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Afoot on St. Croix by Rebecca M. Hale
An Armadillo in Paris by Julie Kraulis
The Art of How to Train Your Dragon 2 by Linda Sunshine
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The Brother Gardeners: Botany, Empire and the Birth of an Obsession by Andrea Wulf
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Clockwork Game by Jane Irwin
Eliot Porter: In the Realm of Nature by Paul Mortineau and Michael Brune
Explorer: The Hidden Doors by Kazu Kibuishi
Freak Show by James St. James
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The Hundred-Year-Old Man Who Climbed Out of the Window and Disappeared by Jonas Jonasson
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Magic by the Lake by Edward Eager
Mog's Christmas by Judith Kerr
Murder under Cover by Kate Carlisle
My Little Round House by Bolormaa Baasansuren
Reading a Japanese Film: Cinema in Context by Keiko I. McDonald
The Rise of Aurora West by Paul Pope
Scored by Lauren McLaughlin
Sea Change by Aimee Friedman
Shopaholic Takes Manhattan by Sophie Kinsella
Skippyjon Jones by Judy Schachner
Teacher by Sylvia Ashton-Warner
Tomboy: A Graphic Memoir by Liz Prince
Xander's Panda Party by Linda Sue Park
Zoobiquity by Barbara Natterson-Horowitz

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5 stars: Completely enjoyable or compelling
4 stars: Good but flawed
3 stars: Average
2 stars: OK
1 star: Did not finish

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My Kind of Mystery Reading Challenge 2017 February - January 2017-8



Comments for Skippyjon Jones

Skippyjon Jones: 01/23/15

cover artSkippyjon Jones by Judy Schachner is the first in a twenty book picture book series about a Siamese kitten who looks like a Chihuahua and thinks he's one too. His mother cat, though, isn't convinced.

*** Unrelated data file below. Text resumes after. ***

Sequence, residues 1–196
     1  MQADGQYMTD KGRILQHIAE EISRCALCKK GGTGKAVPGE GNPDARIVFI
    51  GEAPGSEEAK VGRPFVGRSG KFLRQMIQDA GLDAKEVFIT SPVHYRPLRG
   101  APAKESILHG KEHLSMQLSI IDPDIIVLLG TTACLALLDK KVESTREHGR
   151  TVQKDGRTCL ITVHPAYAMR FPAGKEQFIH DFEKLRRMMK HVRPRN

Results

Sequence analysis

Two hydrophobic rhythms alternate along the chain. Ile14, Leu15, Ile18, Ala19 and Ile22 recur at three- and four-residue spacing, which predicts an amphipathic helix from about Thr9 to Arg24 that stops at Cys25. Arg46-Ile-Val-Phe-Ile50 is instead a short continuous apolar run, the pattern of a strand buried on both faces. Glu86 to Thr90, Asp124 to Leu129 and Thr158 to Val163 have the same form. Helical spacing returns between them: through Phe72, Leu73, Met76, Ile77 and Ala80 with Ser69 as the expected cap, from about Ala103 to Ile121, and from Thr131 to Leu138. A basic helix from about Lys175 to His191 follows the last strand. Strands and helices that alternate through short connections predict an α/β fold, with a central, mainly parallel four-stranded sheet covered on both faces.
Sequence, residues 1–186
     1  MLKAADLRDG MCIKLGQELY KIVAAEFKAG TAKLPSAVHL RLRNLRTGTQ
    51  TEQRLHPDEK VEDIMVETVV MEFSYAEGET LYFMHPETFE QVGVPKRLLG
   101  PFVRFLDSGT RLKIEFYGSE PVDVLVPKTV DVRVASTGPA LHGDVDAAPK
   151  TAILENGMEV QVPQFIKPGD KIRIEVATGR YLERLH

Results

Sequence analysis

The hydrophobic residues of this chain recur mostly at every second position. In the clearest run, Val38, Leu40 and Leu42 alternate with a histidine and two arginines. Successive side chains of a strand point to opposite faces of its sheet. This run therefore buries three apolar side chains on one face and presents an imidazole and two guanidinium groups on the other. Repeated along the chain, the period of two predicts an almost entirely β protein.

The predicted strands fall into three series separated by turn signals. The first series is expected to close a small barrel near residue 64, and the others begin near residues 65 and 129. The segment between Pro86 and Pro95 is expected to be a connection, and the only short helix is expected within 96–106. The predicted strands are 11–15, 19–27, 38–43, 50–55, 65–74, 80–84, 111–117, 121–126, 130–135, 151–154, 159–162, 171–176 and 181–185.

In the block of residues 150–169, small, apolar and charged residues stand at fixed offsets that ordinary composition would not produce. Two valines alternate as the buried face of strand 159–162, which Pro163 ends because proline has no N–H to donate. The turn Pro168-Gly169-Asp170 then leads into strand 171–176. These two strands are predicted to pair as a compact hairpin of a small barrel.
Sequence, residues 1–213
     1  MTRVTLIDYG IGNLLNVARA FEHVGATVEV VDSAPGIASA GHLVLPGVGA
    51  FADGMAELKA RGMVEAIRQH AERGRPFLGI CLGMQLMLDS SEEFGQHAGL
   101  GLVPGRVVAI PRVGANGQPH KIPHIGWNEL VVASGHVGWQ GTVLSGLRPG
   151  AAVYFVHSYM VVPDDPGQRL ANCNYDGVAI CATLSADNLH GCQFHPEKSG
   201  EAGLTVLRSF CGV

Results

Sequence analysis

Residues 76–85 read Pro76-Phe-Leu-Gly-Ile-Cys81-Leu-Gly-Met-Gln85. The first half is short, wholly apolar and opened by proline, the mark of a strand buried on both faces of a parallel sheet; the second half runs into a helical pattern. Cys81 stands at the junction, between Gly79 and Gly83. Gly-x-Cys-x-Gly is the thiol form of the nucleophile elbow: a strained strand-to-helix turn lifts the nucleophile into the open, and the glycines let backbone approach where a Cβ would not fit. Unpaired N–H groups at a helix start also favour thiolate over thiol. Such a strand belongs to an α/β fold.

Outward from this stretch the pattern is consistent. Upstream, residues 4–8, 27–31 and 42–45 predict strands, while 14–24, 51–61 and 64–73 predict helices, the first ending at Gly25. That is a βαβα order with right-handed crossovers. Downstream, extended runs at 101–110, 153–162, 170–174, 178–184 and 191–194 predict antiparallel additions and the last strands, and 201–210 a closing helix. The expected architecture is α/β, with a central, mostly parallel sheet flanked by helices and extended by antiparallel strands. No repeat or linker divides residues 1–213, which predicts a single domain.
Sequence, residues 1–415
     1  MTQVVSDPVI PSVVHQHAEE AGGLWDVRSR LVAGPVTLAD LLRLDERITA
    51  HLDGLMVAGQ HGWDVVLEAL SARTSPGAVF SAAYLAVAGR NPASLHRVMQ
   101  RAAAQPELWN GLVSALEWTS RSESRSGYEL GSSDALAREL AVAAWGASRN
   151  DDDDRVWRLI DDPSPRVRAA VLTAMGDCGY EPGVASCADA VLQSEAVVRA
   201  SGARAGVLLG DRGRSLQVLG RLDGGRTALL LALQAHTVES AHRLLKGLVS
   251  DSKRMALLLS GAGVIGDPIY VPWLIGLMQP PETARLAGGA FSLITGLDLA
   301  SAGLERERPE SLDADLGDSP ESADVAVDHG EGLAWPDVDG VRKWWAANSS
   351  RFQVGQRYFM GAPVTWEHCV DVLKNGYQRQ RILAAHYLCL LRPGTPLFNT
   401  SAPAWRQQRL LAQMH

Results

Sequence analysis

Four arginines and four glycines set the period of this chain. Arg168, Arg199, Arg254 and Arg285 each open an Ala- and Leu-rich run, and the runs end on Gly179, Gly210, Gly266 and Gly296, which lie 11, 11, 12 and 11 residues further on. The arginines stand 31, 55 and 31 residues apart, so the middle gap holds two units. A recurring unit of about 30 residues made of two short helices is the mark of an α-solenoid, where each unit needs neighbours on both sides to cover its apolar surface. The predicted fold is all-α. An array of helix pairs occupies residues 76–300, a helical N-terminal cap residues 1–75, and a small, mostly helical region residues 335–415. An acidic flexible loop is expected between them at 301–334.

Skippyjon Jones lives in a perpetual fantasy world where he is convinced he's a small yapping dog who speaks Spanish. Except he's a small, delusional kitten, who according to Jane H. Hill, speaks Mock Spanish.

As a series, the Skippyjon Jones books have even inspired a masters thesis on its repeated use of Mock Spanish (Analyzing the use and function of Mock Spanish in the picture book collection Skippyjon Jones by Alicia Juncos Zori).

So far I've read exactly two of the books, the first and the last (Cirque de Olé). I found the Mock Spanish more prevalent in the latest book as the focus was on Skippyjon Jones joining a flea circus. And of course, the fleas spoke the pseudo Spanish of Speedy Gonzalez of the 1950s Warner Bros. cartoons (the most recent iteration actually speaks both fluent Spanish and English).

I think Skippyjon Jones in the first book was supposed to be more about a child's (or in this case, kitten's) over active imagination and the silliness of a cat trying to be a dog. What it seems to have become over the course of the series is a tale of a misappropriation of culture.

For this first book, though, I'm still giving it a high rating because by itself it's about play and imagination, and not the "humorous" sounds of Mock Spanish.

 

 

Three stars

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